Tuesday 25 September 2018

'There will have to be a Border' - ex-WTO chief

Former World Trade Organisation chief Pascal Lamy. Picture: AFP/Getty
Former World Trade Organisation chief Pascal Lamy. Picture: AFP/Getty
Colm Kelpie

Colm Kelpie

A border will have to be imposed post-Brexit regardless of any UK/EU trade deal, former World Trade Organisation (WTO) chief Pascal Lamy has warned.

Mr Lamy - who on a two-day visit to Dublin - said the moment a country leaves the single market, borders go up. He said the Border question cannot be evaded.

"Whatever UK/EU trade regime will be negotiated, assuming there will be one, there will have to be a border," the former trade chief told an event organised by Dublin City University's Brexit Institute.

"The moment you exit the internal market, you have borders."

Mr Lamy, who was also chief of staff to former European Commission president Jacques Delors, said he hasn't found a solution to the Border question.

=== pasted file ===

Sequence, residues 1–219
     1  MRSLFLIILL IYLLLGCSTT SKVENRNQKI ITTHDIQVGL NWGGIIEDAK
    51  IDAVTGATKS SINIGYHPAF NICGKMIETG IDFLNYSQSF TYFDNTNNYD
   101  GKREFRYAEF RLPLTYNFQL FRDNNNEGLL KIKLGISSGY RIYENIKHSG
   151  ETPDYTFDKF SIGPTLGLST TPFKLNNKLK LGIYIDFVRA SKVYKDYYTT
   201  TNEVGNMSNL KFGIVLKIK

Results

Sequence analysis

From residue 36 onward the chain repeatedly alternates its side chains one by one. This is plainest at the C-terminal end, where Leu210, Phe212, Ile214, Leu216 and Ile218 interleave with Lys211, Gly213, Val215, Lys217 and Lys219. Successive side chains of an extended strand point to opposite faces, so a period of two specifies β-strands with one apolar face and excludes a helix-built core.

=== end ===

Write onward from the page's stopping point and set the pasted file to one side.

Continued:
Read More: Hard Brexit would have 'large impact' on transport routes

"I haven't found any solution. And the reason is that 'no border' does not exist," he added.

He also said there would have to be checks to ensure that goods brought across the Border comply with standards.

Mr Lamy said he had looked at the Sweden/Norway border, which he described as a "serious border". He said "nothing will prevent Brexit" from transforming the situation with the Border.

"The only solution, the only question is where is the Border? And that of course is a million-dollar question," he said.

The former WTO director general said it may be "convenient" not to recognise now that there will have to be a border and that it has to be dealt with.

"If whatever arrangement implies a border, you cannot evade the border question," Mr Lamy said.

"I can understand why it is convenient to do that," he added.

Mr Lamy also said the claim from British Prime Minister Theresa May that no deal is better than a bad deal, is a "bad omen".

"When I hear a negotiator starting at the very beginning outlining no deal is better than a bad deal, it is not a good sign," Mr Lamy said.

Irish Independent

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